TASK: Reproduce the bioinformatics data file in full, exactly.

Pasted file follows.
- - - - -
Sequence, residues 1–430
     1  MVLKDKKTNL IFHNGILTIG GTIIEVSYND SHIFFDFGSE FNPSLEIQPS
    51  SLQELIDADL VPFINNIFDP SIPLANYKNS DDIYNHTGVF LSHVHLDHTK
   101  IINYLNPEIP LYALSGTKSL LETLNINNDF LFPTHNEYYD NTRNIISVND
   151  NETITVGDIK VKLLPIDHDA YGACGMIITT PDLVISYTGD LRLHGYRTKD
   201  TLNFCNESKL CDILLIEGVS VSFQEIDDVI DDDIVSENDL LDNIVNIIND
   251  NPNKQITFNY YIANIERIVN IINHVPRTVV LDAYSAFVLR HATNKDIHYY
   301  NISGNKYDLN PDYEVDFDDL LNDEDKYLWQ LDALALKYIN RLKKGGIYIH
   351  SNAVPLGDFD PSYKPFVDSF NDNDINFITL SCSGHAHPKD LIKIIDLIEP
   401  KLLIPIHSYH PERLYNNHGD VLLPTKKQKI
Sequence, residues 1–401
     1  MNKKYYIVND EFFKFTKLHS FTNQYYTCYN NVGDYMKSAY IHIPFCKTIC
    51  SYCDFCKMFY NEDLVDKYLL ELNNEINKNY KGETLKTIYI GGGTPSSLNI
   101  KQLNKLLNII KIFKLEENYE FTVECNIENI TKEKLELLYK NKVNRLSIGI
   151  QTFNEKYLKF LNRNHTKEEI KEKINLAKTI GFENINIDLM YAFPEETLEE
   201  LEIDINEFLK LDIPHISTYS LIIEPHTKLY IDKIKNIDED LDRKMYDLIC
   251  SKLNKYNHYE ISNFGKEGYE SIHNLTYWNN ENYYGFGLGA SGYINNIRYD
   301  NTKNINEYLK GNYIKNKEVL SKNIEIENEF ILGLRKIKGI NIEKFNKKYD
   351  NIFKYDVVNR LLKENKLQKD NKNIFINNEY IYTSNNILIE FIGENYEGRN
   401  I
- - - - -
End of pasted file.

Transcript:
Sequence, residues 1–430
     1  MVLKDKKTNL IFHNGILTIG GTIIEVSYND SHIFFDFGSE FNPSLEIQPS
    51  SLQELIDADL VPFINNIFDP SIPLANYKNS DDIYNHTGVF LSHVHLDHTK
   101  IINYLNPEIP LYALSGTKSL LETLNINNDF LFPTHNEYYD NTRNIISVND
   151  NETITVGDIK VKLLPIDHDA YGACGMIITT PDLVISYTGD LRLHGYRTKD
   201  TLNFCNESKL CDILLIEGVS VSFQEIDDVI DDDIVSENDL LDNIVNIIND
   251  NPNKQITFNY YIANIERIVN IINHVPRTVV LDAYSAFVLR HATNKDIHYY
   301  NISGNKYDLN PDYEVDFDDL LNDEDKYLWQ LDALALKYIN RLKKGGIYIH
   351  SNAVPLGDFD PSYKPFVDSF NDNDINFITL SCSGHAHPKD LIKIIDLIEP
   401  KLLIPIHSYH PERLYNNHGD VLLPTKKQKI
Sequence, residues 1–401
     1  MNKKYYIVND EFFKFTKLHS FTNQYYTCYN NVGDYMKSAY IHIPFCKTIC
    51  SYCDFCKMFY NEDLVDKYLL ELNNEINKNY KGETLKTIYI GGGTPSSLNI
   101  KQLNKLLNII KIFKLEENYE FTVECNIENI TKEKLELLYK NKVNRLSIGI
   151  QTFNEKYLKF LNRNHTKEEI KEKINLAKTI GFENINIDLM YAFPEETLEE
   201  LEIDINEFLK LDIPHISTYS LIIEPHTKLY IDKIKNIDED LDRKMYDLIC
   251  SKLNKYNHYE ISNFGKEGYE SIHNLTYWNN ENYYGFGLGA SGYINNIRYD
   301  NTKNINEYLK GNYIKNKEVL SKNIEIENEF ILGLRKIKGI NIEKFNKKYD
   351  NIFKYDVVNR LLKENKLQKD NKNIFINNEY IYTSNNILIE FIGENYEGRN
   401  I